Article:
The following day we drove south to visit Lion Rock Essential Oils, a joint venture combining decades of farming experience to become a world leader in producing organic Eucalyptus radiata oil as well as tea tree. Dave Mitchell, one of the owners, shared his extensive knowledge and enthusiasm for essential oils with the delegates on an extensive tour of the farming, harvesting, organic manure and distillation operations. We understood better the difficulties and extra efforts put into place for organic farming, including continual hand hoeing and the use of organic fertiliser and compost. Following on was a visit to Oribi Oils, a producer group collaboration between large-scale commercial growers and disadvantaged emerging farmers producing several oils. Oribi Oils works in the tribal area of KwaNyuswa and also in the Oribi Flats. The operation is headed by Stuart and Lauren Bateman and produces several fair-trade essential oils such as tea tree, rose geranium, rosemary, and Eucalyptus radiata. Following an excellent lunch Stuart made a presentation on the economic, social, and political aspects of farming operations in the KwaZulu region. This was followed by a drive to the Khula Community Centre, supported by Oribi Oils among others. The Centre provides feeding and educational programmes for the rural community – and we were entertained by the xylophones and drums of their Marimba Boys band. The afternoon activities and entertainment were recorded on a short video available on YouTube: https://www.youtube.com/watch?v=lXxsXf1aOO4
The next day was spent travelling north to visit Ayanda African Oils a farming cooperative founded by a group of farmers to sell their products jointly and share their production, processing, and marketing knowledge.
Unfortunately, the next day’s visit did not go according to plan. As mentioned earlier, the dense clouds meant our small aircraft were unable to land leading to a diversion to Johannesburg and a long five-hour coach trip to Piet Retief. Nevertheless, the following day was a truly memorable one. A very early start meant that we were able to visit Eucaforest (www.eucaforest.com) and see the harvesting and processing of Eucalyptus dives, including the mobile distillation unit and the isolation of the crude oil into its various constituents.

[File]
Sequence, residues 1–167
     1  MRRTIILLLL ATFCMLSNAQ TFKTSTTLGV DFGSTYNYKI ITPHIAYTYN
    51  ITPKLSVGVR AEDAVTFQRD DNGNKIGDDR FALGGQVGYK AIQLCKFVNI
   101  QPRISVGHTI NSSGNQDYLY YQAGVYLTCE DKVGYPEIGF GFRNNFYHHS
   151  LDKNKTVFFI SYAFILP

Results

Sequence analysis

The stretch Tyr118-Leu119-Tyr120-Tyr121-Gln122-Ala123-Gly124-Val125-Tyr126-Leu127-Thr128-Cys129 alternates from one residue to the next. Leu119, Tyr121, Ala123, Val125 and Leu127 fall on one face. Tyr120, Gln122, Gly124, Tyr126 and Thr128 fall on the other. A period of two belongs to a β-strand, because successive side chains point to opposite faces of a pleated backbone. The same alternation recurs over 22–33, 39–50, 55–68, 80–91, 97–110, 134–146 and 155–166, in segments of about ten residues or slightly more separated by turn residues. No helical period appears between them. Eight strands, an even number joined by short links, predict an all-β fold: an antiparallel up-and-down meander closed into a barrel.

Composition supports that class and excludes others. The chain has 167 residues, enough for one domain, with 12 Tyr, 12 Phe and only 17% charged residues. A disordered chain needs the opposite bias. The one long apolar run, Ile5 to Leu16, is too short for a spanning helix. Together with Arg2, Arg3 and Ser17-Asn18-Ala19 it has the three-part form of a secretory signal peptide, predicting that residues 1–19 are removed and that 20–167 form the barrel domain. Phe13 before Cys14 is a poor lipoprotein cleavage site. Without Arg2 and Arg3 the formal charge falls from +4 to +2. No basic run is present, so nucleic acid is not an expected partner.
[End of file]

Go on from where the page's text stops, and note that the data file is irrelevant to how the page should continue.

The operations were described in detail by several Eucaforest staff supported by Catherine Crowley, the owner and Nicola Laubscher, the CEO, who were also tour participants. In addition, the delegates were entertained by the Eucaforest Choir and dancers to a moving rendition of Jersusalema, the global hit that was written and first performed in Zululand.
Then another long drive to Thanda Private Game Reserve to spend the last night. It was not a question of “chilling out” after a very busy week. It was rather spending the afternoon on open vehicles riding around the game reserve seeing some of the icons of African wildlife – elephants, lions, giraffes, cheetahs, rhinoceros, and many others – followed by an excellent “bush dinner” around open fires entertained by a Zulu warrior dance troupe and a lecture on the local aromatic and medicinal plants to be found on the reserve. Some participants were able to sleep in the tented camps at night, immersed in the environment and really elevating the wildlife experience. Late to bed but an early rise at dawn (i.e., 4AM) to make another open top tour of the reserve before back for breakfast and check out. Long days – but unforgettable experiences.
Throughout the tour, delegates saw and discussed at length the growing, harvesting, processing and uses of many essential oils. We received generous gifts from the companies, visited and enjoyed some excellent local cuisine and entertainment. From beginning to end we were fortunate with relatively good weather and excellent organisation. The Local Organising Committee of Catherine Crowley and Nicola Laubscher as well as Mellanie Ferreira of Africa Awaits, the tour agent, and the many South African companies that participated, as well as IFEAT, are to be warmly congratulated on providing yet another memorable Study Tour. For us, on our first IFEAT Study Tour it was a wonderful, unforgettable and in several ways a life changing experience.